Early Detection of Leak in Non-Bariatric Foregut Surgery: The Role of Routine Postoperative Drain Amylase

Daniel D Bradley, MD, Carlos C Garcia, MD, Jose D Elizondo, MD, Maria A Cassera, BS, Konstantinos I Makris, MD, Kevin M Reavis, MD, Ashwin A Kurian, MD, Christy M Dunst, MD, Lee L Swanstrom, MD

Legacy Health,Tec de Monterrey School of Medicine, The Oregon Clinic-GMIS Division

Introduction:
Leaks are rare after advanced laparoscopic foregut surgery but carry a high morbidity. Leaks are usually suspected clinically and confirmed through imaging or reoperation. The early diagnosis and prompt management of a postoperative leak facilitates optimum clinical outcomes. Drain amylase levels are a sensitive indicator of gastrointestinal leaks. Our hypothesis is that drain amylase is a better predictor of leak as compared with vital signs, blood or imaging tests.

Methods and procedures:
A total of 401 patient charts undergoing complex gastroesophageal surgery, with routine drain placement were reviewed. Patients were divided in groups (leak and no leak). Leak was defined as the presence of gastric or esophageal contents in the mediastinum or peritoneum secondary to a gastric or esophageal wall perforation or suture line disruption, confirmed on a postoperative esophagram or on return to the operating room for clinical suspicion of leak. Statistical significance was considered with a p value <0.05. ROC curves were obtained to define cutoff values of each variable.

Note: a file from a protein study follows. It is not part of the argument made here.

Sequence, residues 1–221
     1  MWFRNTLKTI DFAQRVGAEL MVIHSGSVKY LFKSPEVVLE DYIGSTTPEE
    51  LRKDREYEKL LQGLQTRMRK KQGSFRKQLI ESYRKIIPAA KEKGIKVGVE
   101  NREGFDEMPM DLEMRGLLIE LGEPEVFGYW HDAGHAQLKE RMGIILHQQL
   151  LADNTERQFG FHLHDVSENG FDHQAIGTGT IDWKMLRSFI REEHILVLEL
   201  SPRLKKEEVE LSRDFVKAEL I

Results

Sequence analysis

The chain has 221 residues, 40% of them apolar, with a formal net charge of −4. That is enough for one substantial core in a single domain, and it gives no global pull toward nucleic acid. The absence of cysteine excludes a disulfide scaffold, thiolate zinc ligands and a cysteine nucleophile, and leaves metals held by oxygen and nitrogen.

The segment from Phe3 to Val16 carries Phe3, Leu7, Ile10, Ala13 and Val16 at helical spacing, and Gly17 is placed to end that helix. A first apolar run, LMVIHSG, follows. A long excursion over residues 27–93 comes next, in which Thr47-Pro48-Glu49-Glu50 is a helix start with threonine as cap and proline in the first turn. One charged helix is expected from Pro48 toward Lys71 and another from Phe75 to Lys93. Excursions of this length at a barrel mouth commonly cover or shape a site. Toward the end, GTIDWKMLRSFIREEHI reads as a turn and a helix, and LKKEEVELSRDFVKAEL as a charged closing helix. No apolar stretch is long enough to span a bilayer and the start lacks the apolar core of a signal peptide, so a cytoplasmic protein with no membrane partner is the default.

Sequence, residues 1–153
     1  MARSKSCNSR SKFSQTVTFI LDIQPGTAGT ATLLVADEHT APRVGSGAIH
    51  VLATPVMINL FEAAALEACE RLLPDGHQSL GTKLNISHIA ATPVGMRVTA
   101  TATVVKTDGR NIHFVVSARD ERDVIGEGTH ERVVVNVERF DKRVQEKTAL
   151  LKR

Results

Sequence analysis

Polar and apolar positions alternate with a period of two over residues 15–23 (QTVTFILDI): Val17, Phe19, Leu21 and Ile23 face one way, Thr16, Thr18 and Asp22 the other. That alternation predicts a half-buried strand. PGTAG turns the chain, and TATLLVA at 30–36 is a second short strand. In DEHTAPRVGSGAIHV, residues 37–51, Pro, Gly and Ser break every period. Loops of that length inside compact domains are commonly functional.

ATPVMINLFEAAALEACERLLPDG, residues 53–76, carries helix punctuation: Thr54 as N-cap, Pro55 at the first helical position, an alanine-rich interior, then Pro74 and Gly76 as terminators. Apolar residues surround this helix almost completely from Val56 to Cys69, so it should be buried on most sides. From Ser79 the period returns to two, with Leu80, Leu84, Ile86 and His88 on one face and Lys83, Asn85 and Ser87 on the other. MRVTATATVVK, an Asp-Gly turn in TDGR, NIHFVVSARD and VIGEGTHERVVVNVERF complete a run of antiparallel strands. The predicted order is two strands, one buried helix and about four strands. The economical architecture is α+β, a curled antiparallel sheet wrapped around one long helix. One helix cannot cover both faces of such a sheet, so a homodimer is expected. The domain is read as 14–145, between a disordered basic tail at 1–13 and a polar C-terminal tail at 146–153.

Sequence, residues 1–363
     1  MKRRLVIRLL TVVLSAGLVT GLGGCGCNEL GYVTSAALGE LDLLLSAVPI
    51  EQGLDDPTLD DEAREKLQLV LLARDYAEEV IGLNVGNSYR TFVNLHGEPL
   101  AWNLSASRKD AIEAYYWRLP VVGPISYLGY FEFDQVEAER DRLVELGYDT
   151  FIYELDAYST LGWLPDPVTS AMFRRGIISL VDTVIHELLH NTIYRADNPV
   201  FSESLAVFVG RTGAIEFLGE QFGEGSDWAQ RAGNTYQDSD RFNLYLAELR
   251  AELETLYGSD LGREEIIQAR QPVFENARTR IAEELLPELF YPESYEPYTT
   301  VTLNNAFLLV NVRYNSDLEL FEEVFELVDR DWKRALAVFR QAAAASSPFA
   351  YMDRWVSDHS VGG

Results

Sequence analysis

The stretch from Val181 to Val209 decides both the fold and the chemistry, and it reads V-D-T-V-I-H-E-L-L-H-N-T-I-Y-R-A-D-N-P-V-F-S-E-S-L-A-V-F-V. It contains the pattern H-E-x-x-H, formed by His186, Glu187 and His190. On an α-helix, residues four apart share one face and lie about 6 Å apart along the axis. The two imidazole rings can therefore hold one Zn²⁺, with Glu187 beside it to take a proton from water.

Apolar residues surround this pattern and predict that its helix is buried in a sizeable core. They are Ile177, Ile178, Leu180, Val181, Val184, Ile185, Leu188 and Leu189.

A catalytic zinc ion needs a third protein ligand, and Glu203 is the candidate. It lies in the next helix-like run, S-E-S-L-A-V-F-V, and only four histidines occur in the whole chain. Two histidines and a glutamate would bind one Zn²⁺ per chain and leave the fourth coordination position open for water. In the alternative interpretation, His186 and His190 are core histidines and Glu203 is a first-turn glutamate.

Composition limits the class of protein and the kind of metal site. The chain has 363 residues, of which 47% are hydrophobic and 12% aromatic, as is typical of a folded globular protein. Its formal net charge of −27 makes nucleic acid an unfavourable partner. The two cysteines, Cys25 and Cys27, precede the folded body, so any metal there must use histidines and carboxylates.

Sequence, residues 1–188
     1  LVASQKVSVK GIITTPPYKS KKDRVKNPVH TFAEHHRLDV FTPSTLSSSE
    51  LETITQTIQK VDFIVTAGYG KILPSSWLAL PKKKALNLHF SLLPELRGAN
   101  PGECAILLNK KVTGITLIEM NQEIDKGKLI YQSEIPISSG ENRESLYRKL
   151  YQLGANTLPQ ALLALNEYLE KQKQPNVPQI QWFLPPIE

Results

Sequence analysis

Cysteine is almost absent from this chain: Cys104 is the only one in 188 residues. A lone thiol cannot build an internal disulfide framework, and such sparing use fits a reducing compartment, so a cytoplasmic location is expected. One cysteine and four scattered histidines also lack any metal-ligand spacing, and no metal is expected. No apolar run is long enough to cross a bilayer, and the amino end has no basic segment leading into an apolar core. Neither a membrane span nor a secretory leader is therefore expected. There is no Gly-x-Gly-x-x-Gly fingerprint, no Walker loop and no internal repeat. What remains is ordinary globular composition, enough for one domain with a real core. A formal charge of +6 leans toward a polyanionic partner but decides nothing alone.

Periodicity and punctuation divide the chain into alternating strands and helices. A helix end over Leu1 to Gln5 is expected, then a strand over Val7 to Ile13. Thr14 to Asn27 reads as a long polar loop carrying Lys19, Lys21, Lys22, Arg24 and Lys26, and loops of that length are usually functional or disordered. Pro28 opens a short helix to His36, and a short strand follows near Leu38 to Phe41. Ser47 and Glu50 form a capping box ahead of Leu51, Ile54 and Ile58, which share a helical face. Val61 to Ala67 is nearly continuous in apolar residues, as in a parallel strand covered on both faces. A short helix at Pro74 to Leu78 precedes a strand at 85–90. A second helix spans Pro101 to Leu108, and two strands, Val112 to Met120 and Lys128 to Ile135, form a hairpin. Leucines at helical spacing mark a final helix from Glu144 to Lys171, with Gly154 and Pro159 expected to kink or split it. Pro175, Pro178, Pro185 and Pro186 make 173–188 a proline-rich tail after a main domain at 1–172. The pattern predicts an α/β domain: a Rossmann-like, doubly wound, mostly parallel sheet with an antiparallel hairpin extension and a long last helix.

Results:
There was no statistical difference between demographic data or type of surgery between the groups. Seventeen patients had a confirmed postoperative leak (4.2%): 14 on reoperation and 3 on esophagram. Drain amylase, heart rate and WBC, (p<0.05) were statistically associated with leak. ROC curves identified cutoff values of 138 U/L for drain amylase (76% sensitivity and 85% specificity), 10.8 X10^3 cell/L for WBC (56% sensitivity and 82% specificity) and 100 beat/min for HR (70% sensitivity and 62% specificity). Combining drain amylase with HR and WBC increases specificity from 85% to 96%. The addition of elevated drain amylase (> 138U/L) to a combination of raised HR (>100) and WBC (>10.8) increased the positive predictive value from 11% to 39.1%. Only one of the 14 patients with confirmed leak on reoperation demonstrated a leak on esophagram.

Conclusions:
The addition of postoperative drain amylase results in a fourfold increase in the positive predictive value for leak in foregut surgery as compared with using a combination of elevated heart rate and WBC. Drain amylase may facilitate the early detection on postoperative leaks and thus impact on the clinical outcome of this devastating complication.

Variable Positive Predictive Value Negative Predictive Value Specificity Sensitivity
Heart Rate 7.6 98 62 70
WBC 7.6 98.6 82 56
Drain Amylase 20 98.8 86.4 76.4
HR and WBC 11.1 97.8 81.2 58.8
Drain amylase, HR and WBC 23.1 97.8 96.3 52.9

Session: Poster Presentation

Program Number: P231

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